Poland set to ban Holocaust denier David Irving ahead of Nazi camp tour
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Poland set to ban Holocaust denier David Irving ahead of Nazi camp tour

Warsaw likely to deny entry to disgraced historian citing legislation about denying the Shoah, ahead of proposed tour of camps including Treblinka, Sobibór and Majdanek

Poland is likely to ban British Holocaust denier David Irving from entering the country, ahead of his planned tour of Nazi camps.

Last week, the Israeli government called on the country to deny him entry, with minister Naftali Bennett writing to the Polish ambassador making the plea.

This comes after it became apparent that the disgraced historian was to run a ‘Nazi-history tour’, including to infamous camps such as Treblinka, Sobibór, Belzec and Majdanek.

Reuters reported on Sunday that Warsaw is likely to refuse him entry, with the foreign ministry citing Holocaust denial laws.

Minister of Foreign Affairs Jacek Czaputowicz said in a press conference: “Negation of the Holocaust is not allowed by Polish law, therefore he will not be welcome here in Poland if he wants to come and present his opinions”.

A spokesman for Minister Naftali Bennett said: “We are greatly encouraged by the Polish Foreign Minister’s comments. We have prevented the spread of hatred and lies against the Jewish people and against the memory of the victims of the Holocaust.”

In his letter to Poland’s Ambassador to Israel last week, Bennett wrote: “Given Irving’s record of abhorrent statements and outright lies about the history of Holocaust, it is quite clear that he intends to use this opportunity to spread further falsehoods and vitriolic narrative. In so doing, he will doubtless cause deep offence to the memory of the victims of the Holocaust and to all the Jewish people, as well as stoke the already raging fire of hatred and antisemitism we are witnessing around the world today.”

He added: “I therefore respectfully request that the Government of Poland make it quite clear that Irving and his party will not be granted access to your country, and certainly not to the Camps and other sites of memorial to the millions of my people who were murdered in that dark period of history.”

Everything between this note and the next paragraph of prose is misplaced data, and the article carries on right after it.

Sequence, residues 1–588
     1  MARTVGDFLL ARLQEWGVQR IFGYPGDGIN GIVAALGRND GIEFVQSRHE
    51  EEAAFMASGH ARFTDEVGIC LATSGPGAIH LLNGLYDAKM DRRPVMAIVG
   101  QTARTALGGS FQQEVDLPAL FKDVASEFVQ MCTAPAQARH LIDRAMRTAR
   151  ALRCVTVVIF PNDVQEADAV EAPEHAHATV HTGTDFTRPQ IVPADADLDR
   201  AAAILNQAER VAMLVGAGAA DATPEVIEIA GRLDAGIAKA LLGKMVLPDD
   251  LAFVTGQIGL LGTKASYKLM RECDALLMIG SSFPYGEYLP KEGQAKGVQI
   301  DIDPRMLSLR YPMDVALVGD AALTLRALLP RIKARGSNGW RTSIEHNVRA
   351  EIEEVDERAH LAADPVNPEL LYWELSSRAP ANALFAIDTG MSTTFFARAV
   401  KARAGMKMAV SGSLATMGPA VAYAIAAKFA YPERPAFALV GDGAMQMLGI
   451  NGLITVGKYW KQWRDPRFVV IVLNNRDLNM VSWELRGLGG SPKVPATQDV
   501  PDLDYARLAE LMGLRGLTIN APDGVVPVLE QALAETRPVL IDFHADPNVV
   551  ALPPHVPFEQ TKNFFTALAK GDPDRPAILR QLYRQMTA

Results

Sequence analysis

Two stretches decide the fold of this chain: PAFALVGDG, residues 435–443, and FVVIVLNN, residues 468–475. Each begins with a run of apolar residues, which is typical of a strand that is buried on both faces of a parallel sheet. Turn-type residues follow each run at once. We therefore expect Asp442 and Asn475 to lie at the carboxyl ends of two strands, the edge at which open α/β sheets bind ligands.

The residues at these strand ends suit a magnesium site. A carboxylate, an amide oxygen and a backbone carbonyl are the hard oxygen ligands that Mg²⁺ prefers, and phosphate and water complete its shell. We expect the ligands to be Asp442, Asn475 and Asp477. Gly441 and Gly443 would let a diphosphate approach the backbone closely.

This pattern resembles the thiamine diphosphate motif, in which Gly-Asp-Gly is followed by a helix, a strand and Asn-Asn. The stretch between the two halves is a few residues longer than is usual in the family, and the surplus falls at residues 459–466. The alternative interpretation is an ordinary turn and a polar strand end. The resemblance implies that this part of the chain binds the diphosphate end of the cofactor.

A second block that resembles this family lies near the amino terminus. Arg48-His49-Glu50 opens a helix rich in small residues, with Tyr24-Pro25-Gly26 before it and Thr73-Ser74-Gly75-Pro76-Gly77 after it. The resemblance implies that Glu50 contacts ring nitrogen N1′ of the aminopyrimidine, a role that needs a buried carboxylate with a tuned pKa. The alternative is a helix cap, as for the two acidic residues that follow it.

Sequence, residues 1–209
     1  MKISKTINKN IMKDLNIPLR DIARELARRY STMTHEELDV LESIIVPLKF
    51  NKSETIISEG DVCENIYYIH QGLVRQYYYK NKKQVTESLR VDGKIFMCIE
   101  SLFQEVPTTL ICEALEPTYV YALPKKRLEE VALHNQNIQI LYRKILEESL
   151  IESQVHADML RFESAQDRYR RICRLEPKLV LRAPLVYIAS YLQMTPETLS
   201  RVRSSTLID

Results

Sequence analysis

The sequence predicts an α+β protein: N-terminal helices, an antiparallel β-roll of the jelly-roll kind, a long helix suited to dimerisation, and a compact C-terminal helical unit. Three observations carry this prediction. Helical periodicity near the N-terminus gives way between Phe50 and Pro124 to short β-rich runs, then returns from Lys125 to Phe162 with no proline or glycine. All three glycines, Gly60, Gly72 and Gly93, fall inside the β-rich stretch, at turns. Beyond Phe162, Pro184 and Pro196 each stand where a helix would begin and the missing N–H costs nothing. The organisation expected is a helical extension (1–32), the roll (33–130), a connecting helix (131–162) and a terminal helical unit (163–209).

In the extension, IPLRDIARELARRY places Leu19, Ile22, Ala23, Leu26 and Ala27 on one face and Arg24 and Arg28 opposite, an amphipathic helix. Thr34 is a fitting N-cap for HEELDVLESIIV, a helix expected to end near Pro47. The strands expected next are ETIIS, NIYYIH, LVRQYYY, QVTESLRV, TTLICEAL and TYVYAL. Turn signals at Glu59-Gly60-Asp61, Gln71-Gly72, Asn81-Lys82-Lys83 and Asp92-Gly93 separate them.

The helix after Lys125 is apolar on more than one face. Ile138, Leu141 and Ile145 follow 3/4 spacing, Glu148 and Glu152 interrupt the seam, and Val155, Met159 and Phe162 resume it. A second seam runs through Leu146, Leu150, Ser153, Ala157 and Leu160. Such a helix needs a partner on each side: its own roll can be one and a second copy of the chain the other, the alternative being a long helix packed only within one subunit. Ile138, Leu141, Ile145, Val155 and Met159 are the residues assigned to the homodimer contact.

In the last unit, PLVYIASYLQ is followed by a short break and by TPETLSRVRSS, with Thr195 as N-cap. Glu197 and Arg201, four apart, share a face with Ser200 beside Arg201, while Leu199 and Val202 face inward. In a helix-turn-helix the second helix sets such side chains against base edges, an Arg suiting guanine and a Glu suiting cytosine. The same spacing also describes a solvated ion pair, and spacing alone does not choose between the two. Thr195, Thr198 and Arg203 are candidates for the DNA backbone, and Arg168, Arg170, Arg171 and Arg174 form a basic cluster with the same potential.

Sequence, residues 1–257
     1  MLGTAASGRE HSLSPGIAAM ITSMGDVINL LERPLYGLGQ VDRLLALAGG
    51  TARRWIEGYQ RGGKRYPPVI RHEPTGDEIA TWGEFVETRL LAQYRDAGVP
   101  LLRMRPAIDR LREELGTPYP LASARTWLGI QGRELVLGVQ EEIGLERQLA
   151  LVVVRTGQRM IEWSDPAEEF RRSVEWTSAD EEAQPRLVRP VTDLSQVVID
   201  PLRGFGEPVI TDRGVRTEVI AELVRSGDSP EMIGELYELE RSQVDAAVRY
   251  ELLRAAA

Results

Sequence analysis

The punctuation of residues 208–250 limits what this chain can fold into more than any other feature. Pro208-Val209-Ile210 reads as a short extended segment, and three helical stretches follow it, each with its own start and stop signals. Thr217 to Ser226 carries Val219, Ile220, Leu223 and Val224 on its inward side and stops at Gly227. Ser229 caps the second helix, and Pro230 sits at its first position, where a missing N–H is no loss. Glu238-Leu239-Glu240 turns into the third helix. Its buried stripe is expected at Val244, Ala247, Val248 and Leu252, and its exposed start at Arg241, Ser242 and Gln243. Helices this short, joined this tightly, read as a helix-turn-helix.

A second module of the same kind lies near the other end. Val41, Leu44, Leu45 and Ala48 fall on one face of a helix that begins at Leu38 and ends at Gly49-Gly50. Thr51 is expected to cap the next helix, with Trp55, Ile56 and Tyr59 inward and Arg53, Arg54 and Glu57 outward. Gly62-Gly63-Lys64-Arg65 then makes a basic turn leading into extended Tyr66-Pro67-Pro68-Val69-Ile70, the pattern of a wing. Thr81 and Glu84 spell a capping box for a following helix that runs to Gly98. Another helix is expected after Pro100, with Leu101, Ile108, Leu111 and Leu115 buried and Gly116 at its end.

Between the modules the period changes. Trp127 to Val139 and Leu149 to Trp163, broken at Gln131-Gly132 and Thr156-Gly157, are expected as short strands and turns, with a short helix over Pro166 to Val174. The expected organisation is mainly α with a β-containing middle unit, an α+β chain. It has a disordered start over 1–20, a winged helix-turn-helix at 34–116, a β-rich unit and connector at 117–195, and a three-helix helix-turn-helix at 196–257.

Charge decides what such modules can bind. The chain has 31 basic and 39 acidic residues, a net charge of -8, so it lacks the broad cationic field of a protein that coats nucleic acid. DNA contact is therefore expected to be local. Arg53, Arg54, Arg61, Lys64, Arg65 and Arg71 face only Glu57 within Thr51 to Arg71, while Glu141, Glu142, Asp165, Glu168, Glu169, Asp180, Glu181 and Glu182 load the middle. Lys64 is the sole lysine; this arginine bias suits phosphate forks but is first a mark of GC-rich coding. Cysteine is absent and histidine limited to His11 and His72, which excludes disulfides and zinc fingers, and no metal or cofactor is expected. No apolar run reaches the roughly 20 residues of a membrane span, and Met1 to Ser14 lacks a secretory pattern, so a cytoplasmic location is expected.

Social media users reacted in horror to the news that Irving is currently taking deposits for the tour via his website, and even offering discounts, in what would be his first tour of Holocaust sites since 2011.

Naftali Bennet. Photo by Tomer Neuberg/Flash90

The tour of camps, located in modern day Poland, is set to take place in September, and the tour brochure calls the death camps “controversial” and bizarrely states that no refunds will be given “where participants are denied entry to Europe under anti-terrorism laws or other political restrictions, especially anti-Muslim or anti-Israeli”.

Irving is described as a “Hitler expert” for the tour, from 1-9 September 2019, which will include a visit to Hitler’s wartime bunker as well as that of SS chief and Holocaust architect Heinrich Himmler.

The website said it would also include the Operation Reinhardt sites of Treblinka, Sobibór, Belzec and Majdanek, with an optional tour of Latvia at the end of August.

Karen Pollock , Chief Executive, Holocaust Educational Trust said: “David Irving is a proven Holocaust denier. His forthcoming “tour” can serve no purpose other than to insult the memory of Holocaust victims and survivors. Holocaust denial is simply antisemitism dressed up as academic debate. This cannot be allowed to happen, and we will be working with our partners across Europe to assess appropriate next steps”.

The Auschwitz Memorial Museum said: “Holocaust denial is a mendacious conspiracy theory. Although it is factually similar to flat Earth claims, it is in fact a dangerous & hideous carrier of antisemitism & hatred. Denier’s presence at sites of genocide insults memory of the victims. We hope the visit won’t happen.”

In 2011 Irving, who denies that he is a Holocaust denier, visited Majdanek, describing the crematorium building as “a fake, put up in post-war years”. He said he had told visiting schoolgirls that “scepticism” was needed while they were being taught about the gas chambers by their teacher.

He added: “To suggest that a modicum of fakery and exaggeration has been done is not to deny the atrocities, merely to question their true scale and the methods used.”

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